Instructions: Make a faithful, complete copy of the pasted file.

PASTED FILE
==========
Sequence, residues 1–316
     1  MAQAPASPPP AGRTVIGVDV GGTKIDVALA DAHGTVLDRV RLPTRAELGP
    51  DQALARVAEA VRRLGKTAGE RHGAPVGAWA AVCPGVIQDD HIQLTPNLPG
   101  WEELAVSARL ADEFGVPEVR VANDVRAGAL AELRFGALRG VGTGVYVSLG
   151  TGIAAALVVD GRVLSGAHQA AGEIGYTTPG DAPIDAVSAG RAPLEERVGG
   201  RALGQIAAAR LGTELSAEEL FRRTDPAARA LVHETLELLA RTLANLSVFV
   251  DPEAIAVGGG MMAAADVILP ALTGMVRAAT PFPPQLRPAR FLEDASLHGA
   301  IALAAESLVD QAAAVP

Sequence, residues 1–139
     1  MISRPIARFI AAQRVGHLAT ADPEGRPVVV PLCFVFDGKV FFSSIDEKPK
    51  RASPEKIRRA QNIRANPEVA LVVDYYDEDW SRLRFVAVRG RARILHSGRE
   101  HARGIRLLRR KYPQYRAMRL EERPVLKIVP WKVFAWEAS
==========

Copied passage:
Sequence, residues 1–316
     1  MAQAPASPPP AGRTVIGVDV GGTKIDVALA DAHGTVLDRV RLPTRAELGP
    51  DQALARVAEA VRRLGKTAGE RHGAPVGAWA AVCPGVIQDD HIQLTPNLPG
   101  WEELAVSARL ADEFGVPEVR VANDVRAGAL AELRFGALRG VGTGVYVSLG
   151  TGIAAALVVD GRVLSGAHQA AGEIGYTTPG DAPIDAVSAG RAPLEERVGG
   201  RALGQIAAAR LGTELSAEEL FRRTDPAARA LVHETLELLA RTLANLSVFV
   251  DPEAIAVGGG MMAAADVILP ALTGMVRAAT PFPPQLRPAR FLEDASLHGA
   301  IALAAESLVD QAAAVP

Sequence, residues 1–139
     1  MISRPIARFI AAQRVGHLAT ADPEGRPVVV PLCFVFDGKV FFSSIDEKPK
    51  RASPEKIRRA QNIRANPEVA LVVDYYDEDW SRLRFVAVRG RARILHSGRE
   101  HARGIRLLRR KYPQYRAMRL EERPVLKIVP WKVFAWEAS